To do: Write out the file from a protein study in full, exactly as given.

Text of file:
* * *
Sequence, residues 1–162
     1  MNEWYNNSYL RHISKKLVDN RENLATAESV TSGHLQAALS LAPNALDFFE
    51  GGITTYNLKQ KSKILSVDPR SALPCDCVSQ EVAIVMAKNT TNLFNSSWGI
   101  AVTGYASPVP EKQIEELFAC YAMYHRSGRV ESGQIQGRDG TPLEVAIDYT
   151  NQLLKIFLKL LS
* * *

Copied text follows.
Sequence, residues 1–162
     1  MNEWYNNSYL RHISKKLVDN RENLATAESV TSGHLQAALS LAPNALDFFE
    51  GGITTYNLKQ KSKILSVDPR SALPCDCVSQ EVAIVMAKNT TNLFNSSWGI
   101  AVTGYASPVP EKQIEELFAC YAMYHRSGRV ESGQIQGRDG TPLEVAIDYT
   151  NQLLKIFLKL LS